After some time Cadmus turned away from the windows and began looking around the octagonal room they were in. “Why is the room so empty,” he asked his host.
“It’s not. You’ll see later. Anyway it’s time to get you and Lonesome suited up.”
“Yes. You first. Walk over to that scanner in the corner and remove your clothing.”
“Everything? My socks and underwear too?”
Cadmus did as he was told. After he had undressed the scanner powered on and moved around him slowly projecting a blue light against his skin. When it finished whatever it was doing to him, it produced a shiny blue suit through one of its orifices.
“Please put this on,” Galen said. “It is a robotic exoskeleton programmed to allow you free movement through all eleven dimensions. You’ll be able to command it verbally or, eventually, by your thoughts. It is also designed to protect you from harm.”
“Thank you,” Cadmus said looking admiringly at his arms and legs. One of the walls opposite him turned into a mirror and he admired himself fully in it. “But how can I move through the upper dimensions if I can’t see where I’m going?”
“That’s what these are for,” Galen smiled and tossed some goggles over to Cadmus.
Somehow Cadmus managed to catch the goggles in his gloved hand.
“Those are all-dimensional,” Galen explained. “They allow you to perceive all dimensions but, since your brain can’t represent more than a three-dimensional volume, they project the upper-dimensional structures into a three-dimensional representation. It’s like shining a light through a three-dimensional wire sculpture onto a two-dimensional wall.”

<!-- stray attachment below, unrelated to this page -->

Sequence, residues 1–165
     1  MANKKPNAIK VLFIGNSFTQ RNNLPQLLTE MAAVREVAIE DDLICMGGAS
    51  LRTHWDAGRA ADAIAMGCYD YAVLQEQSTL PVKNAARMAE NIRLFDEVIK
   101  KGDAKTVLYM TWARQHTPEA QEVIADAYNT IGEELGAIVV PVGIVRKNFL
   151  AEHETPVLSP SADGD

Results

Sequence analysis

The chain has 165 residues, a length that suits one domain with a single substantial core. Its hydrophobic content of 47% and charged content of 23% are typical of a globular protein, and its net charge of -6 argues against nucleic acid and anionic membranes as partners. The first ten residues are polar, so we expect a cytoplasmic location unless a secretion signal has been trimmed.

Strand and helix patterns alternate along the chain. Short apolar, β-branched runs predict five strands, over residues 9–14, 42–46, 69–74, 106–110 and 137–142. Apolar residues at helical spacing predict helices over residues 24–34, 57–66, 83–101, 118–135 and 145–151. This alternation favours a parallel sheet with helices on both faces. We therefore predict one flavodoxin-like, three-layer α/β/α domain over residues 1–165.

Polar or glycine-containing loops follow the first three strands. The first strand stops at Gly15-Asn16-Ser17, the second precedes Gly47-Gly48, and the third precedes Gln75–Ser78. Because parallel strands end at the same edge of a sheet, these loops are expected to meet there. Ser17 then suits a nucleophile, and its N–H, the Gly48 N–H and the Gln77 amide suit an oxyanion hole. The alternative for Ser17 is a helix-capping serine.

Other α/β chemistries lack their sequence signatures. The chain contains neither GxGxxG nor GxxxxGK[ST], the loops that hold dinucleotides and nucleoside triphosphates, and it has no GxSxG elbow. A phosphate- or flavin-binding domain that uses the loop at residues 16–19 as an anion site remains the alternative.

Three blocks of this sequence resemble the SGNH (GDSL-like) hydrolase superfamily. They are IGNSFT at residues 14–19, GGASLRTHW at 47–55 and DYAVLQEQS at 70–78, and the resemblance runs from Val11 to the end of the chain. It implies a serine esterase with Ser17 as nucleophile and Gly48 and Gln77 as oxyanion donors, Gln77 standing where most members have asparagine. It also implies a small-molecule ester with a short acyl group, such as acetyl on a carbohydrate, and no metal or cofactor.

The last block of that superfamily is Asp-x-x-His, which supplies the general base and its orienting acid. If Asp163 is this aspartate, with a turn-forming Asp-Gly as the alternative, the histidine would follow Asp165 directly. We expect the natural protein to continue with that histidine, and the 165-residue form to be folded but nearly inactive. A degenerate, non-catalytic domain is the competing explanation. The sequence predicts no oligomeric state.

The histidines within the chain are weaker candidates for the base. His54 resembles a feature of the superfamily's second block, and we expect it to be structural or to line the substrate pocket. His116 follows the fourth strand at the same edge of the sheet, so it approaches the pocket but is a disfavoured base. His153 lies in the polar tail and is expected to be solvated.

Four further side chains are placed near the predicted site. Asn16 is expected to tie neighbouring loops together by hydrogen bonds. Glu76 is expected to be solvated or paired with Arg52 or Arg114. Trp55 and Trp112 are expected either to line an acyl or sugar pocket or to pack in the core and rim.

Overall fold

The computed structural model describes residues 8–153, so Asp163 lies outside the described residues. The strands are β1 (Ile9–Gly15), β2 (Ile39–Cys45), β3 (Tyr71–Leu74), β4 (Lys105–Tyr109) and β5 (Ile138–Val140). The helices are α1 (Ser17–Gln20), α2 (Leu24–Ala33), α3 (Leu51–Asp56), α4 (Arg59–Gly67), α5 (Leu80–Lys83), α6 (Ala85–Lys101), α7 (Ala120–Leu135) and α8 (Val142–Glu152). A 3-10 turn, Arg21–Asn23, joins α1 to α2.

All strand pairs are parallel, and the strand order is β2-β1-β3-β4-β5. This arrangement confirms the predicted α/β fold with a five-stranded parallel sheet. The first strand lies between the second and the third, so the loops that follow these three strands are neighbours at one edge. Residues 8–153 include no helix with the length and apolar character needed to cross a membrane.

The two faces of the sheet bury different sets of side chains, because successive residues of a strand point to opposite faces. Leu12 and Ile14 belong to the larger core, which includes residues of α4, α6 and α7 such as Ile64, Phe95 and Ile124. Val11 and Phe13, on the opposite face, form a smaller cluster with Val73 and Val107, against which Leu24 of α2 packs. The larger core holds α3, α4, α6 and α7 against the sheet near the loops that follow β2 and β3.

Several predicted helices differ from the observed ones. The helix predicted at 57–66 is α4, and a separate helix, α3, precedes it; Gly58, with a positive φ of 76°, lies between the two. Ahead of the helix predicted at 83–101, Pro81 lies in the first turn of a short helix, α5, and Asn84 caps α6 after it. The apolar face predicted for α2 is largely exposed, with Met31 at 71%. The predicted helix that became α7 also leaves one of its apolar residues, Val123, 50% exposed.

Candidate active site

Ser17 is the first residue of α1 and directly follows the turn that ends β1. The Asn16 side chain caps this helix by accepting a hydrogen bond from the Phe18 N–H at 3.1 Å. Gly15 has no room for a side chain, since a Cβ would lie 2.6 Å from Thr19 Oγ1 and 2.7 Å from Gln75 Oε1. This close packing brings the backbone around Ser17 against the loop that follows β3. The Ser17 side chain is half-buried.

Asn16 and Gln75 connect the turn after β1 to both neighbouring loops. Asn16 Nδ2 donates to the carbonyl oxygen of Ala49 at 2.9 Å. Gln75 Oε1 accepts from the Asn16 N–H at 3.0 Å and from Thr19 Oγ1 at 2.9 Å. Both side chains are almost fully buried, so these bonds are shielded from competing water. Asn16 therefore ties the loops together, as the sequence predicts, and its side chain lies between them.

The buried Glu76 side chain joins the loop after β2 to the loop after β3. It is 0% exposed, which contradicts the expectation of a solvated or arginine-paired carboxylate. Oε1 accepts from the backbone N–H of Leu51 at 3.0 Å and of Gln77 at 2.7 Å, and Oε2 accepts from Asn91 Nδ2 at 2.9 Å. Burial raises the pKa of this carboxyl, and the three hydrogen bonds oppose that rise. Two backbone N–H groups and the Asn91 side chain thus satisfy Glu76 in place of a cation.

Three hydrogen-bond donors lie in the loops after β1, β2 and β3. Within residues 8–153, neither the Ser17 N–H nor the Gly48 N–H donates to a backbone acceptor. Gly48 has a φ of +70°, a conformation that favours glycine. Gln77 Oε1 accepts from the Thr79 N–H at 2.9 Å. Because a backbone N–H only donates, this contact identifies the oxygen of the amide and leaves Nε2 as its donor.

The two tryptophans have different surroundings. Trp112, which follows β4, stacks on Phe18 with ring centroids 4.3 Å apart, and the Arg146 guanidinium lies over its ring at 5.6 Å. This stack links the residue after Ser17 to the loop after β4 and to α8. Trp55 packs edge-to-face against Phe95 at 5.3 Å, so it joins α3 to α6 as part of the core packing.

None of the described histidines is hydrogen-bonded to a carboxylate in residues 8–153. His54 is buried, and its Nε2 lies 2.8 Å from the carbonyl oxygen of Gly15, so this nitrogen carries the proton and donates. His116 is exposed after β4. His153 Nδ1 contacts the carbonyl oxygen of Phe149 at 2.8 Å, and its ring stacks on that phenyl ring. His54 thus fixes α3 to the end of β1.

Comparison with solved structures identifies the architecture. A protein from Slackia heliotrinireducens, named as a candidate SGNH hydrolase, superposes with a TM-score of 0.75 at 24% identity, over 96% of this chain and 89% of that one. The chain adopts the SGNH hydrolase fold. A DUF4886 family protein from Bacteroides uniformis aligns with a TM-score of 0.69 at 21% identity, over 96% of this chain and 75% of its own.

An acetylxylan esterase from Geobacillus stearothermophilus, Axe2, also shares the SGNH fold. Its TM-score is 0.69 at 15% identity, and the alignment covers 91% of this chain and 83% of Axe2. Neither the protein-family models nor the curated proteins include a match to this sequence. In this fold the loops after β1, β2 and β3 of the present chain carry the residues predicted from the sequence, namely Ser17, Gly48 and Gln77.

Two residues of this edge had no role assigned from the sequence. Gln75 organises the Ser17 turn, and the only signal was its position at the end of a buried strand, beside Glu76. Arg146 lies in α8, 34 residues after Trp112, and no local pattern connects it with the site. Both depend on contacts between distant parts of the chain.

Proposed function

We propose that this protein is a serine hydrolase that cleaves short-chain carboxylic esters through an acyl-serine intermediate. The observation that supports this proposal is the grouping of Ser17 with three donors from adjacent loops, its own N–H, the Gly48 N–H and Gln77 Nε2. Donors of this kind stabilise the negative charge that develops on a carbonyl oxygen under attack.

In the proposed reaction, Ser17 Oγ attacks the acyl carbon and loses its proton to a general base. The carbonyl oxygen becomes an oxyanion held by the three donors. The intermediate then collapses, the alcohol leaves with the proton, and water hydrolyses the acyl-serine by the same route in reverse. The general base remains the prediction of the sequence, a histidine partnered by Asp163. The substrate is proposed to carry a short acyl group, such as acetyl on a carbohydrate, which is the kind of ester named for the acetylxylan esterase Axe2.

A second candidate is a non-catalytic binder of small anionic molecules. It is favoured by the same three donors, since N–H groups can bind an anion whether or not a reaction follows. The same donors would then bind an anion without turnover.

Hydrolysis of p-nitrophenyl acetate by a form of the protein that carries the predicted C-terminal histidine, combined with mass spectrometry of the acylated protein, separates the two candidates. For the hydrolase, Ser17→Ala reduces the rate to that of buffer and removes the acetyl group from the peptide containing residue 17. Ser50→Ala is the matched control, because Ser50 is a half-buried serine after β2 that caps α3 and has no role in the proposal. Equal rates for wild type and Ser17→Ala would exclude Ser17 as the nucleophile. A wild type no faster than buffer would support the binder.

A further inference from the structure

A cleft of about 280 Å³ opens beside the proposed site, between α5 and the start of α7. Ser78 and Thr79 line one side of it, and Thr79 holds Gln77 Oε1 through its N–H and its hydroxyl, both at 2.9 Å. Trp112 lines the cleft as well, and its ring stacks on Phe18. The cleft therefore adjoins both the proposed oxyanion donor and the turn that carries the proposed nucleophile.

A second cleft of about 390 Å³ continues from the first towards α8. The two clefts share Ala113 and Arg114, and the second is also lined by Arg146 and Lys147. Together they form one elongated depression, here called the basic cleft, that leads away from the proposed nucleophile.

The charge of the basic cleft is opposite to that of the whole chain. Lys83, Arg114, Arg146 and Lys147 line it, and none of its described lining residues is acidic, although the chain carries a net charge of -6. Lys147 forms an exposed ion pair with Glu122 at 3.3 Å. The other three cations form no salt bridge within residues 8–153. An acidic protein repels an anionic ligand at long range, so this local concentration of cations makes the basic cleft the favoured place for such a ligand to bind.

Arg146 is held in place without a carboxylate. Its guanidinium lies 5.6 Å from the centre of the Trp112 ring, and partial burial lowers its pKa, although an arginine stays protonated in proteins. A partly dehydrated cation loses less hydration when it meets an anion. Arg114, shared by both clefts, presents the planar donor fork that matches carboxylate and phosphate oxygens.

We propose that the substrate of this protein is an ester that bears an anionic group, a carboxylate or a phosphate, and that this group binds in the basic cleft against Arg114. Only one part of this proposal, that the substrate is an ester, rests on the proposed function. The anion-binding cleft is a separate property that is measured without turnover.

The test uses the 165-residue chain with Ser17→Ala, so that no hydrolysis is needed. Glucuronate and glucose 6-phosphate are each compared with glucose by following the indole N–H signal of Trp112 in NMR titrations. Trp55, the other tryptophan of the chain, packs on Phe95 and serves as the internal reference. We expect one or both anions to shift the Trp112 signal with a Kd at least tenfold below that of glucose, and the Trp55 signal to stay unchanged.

Cadmus put the goggles on his head and over his eyes. At first he couldn’t see anything. Then it powered on. What he saw made him nearly lose his balance and fall. He saw a room full of structures he never could have imagined before. They were positioned at impossible angles that made him queasy to look at. His hands shot out against something, anything, to steady himself to keep upright, whatever that was anymore. He removed the goggles from his head and the room became empty and familiar again.
“You’ll have to get used to them,” Galen said kindly. “After a week or so, it’ll become second nature. It probably wouldn’t be a good idea for you to move around in the suit until you get used to the goggles.”
Cadmus looked around the empty room and saw a reclining chair by one of the windows. He couldn’t move. Then he remembered what Galen had said about the suit. He told the suit to walk over to the chair by the window. Halfway there he was able to walk just by thinking about it.
Just like moving around in my body, he thought.
He sat down tentatively in the chair and put on the goggles again. The things he saw went crazy again. He watched Galen walk over to one of the consoles and press some buttons. He looked over at Lonesome, who was looking up at him from a strange angle. He was panting and sniffing the air, but he was smiling. Galen came over to the dagu and asked him whether he was hungry. Lonesome looked up at him. Galen poured some kibble into a bowl in the corner by the scanner. While the dagu was eating, Galen powered on the scanner. Lonesome didn’t seem to pay attention to the scanner moving around him or to the blue light. After the scanner and Lonesome had finished what they were doing, the scanner spit out another suit, this one for Lonesome.
Galen wrapped the two pieces around Lonesome and zipped them together. Lonesome didn’t like the idea of his suit at first and wasn’t very cooperative, but soon he forgot about it and loped over to Cadmus, lying down by his reclining chair.
Galen walked over towards them and stooped down to slip the goggles over Lonesome’s head and eyes. The dagu raised his head and looked around, sniffing.
Cadmus watched Lonesome get up awkwardly, almost falling, and walk uncertainly over to the console and sniff around it. He remembered he hadn’t seen it before putting on his goggles.
He looked up at Galen, who was standing over him and smiling.
“I can see,” Cadmus said softly, “but I’m not sure I understand what I see.”
“Time,” Galen answered, “give yourself time.”
from Out of Time